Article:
The Diary of a CRM Migration – Part 5 – Can I see your License sir?

Time for the standard disclaimer. This article, as with all in this series, is based upon personal experiences and from experiences of others I have spoken to. What I write here is my opinion and my personal thoughts regarding how to get the best out of each of the project phases – none of it is reflective of the views of my employer. 

I should also make very clear that any people or companies I write about here are not real but are fictitious composites made up of conversations that we’ve all had, with characters I’m sure we can all relate to.

Owwwww, my head. Can someone please stop the room spinning and pass the paracetamol please?

No, I’ve not been out on the town with Chaz, Wilbur, Lucinda and the others from The Delivery Group (I’d not be writing this if I had been, the memory of that incident with the water fountain, the mermaid and the pirate still lives long!) I’ve instead spent the past week trying to work out the spaghetti puzzle of Licensing with Limahl (NO, Not that one!) from the Acquiring and Provisioning team.

The joys of licensing mean that we need to look at everything from storage, user count, number of emails, attachments, calories consumed that day, the colour of the moon, the date in the Aztec calendar and so much more (ok, some of those might be made up… or not)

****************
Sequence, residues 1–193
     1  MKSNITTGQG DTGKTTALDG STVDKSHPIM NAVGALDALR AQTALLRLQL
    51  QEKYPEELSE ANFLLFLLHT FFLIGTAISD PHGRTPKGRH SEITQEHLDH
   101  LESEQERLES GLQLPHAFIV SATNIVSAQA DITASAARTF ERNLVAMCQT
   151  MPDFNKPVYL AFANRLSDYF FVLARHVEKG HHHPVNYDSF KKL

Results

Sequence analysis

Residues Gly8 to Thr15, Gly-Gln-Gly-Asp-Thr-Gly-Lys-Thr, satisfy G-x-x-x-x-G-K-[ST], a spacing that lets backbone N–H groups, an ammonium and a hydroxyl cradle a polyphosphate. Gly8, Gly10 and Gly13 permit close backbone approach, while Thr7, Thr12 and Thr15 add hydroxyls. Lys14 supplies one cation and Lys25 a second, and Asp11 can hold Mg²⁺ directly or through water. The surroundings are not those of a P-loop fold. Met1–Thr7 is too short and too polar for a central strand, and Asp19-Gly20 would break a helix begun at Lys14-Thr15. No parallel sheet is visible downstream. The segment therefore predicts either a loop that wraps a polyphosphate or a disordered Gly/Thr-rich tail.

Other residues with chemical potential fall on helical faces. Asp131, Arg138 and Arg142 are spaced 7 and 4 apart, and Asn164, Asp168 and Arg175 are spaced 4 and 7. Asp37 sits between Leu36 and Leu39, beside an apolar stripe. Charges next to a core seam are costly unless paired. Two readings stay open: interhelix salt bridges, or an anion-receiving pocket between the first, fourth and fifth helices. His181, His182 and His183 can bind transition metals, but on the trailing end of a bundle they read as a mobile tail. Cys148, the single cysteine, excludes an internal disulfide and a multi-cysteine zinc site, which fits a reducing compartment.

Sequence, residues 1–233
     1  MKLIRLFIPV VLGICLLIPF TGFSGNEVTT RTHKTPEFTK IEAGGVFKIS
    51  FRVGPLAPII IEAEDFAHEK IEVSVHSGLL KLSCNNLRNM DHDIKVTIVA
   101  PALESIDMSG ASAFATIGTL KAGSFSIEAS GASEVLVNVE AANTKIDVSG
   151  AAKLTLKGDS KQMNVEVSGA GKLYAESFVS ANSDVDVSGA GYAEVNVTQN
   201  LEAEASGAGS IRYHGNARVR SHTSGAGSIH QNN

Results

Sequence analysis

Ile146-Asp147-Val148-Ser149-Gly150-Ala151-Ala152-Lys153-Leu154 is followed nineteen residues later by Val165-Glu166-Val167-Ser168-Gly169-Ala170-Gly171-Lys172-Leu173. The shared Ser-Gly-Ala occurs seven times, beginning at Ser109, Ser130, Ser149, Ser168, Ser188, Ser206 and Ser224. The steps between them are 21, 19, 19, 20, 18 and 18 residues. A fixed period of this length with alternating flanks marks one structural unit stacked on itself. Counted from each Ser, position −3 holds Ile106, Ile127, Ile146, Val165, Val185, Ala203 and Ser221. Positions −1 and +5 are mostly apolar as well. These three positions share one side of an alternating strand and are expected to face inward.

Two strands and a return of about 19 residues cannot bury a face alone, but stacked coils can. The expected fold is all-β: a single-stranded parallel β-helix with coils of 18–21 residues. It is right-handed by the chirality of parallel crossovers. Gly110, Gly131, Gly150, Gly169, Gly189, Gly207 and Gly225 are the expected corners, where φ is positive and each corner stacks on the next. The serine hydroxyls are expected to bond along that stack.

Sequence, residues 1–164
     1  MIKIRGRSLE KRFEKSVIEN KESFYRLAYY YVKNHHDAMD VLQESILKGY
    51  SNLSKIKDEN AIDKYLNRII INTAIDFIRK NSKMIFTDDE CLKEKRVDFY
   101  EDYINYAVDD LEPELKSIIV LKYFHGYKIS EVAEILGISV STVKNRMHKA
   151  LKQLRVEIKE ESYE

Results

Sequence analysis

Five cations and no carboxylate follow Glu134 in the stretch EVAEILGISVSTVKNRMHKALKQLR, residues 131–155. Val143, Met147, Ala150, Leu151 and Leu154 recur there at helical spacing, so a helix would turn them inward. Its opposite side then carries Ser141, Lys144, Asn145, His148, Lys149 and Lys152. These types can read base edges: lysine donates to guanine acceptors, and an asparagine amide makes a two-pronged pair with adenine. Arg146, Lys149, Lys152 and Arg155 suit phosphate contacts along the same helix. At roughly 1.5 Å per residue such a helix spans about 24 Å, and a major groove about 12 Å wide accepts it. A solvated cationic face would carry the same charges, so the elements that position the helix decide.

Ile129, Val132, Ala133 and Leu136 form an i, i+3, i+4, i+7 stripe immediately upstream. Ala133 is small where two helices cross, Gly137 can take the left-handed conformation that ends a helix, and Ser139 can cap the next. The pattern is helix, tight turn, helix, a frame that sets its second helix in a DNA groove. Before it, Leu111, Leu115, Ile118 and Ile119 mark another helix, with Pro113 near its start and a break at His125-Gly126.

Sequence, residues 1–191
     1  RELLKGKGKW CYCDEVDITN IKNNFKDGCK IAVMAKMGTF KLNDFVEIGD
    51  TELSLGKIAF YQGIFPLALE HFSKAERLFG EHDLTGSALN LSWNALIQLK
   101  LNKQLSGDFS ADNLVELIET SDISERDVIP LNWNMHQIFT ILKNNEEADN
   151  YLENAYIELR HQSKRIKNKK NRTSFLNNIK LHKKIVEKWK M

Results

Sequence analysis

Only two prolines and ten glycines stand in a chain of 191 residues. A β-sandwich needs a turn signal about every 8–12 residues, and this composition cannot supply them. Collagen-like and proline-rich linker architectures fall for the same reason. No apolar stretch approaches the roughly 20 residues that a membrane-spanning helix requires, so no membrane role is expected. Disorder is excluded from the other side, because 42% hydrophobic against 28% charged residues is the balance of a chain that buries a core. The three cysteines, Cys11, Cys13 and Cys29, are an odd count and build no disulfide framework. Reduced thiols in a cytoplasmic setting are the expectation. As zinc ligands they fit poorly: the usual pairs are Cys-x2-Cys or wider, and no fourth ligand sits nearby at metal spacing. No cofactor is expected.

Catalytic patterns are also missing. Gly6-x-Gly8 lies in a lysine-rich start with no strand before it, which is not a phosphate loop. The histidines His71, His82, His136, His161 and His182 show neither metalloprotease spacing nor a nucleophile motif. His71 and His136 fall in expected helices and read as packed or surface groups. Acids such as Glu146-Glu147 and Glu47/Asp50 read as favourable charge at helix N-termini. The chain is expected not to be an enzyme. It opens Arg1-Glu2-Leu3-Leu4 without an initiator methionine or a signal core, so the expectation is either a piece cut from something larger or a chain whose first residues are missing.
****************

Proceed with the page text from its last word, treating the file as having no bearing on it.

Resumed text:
As our current system contains data dating back to the dinosaur era and includes every email sent to/received from anybody within the CRM system, the database is somewhat sizable. So much so that we ended up with our own storage cluster just so that everyone else can store their cat pictures and countless copies of documents from the central share. Because, you know, just in case it gets deleted or someone changes it and I need the previous version or the central share disappears in a puff of smoke along with all the redundancies and backups. Yeah, that last one might have happened in the past but Gothic Sebastien, the Lord of the flashing lights and Down Below, did get it all back somehow

This copious amount of data raises a very serious issue as the cloud, as fluffy and light as it may seem, does tend to cost more when you are putting very heavy amounts of data into it.

But this is, believe it or not, the most straightforward of issues.

The true complexity arises in trying to work out who needs what, why they need it, and how they will get to it, along with the all-important question of “is it worth the cost to allow them to do all this”

Trying to pin down this complex conundrum of possible permutations resulted in the use of the “User System Engagement Listing Every Suitable Scenario” pack. This is a very confusing collection of excel worksheets, pivot tables, filters and formulas that produces a list of the requirements and counts how many people fit into each category.

I think it probably goes without saying that the list was exceedingly long, and the number count very rarely got above ONE for each unique pattern of requirements.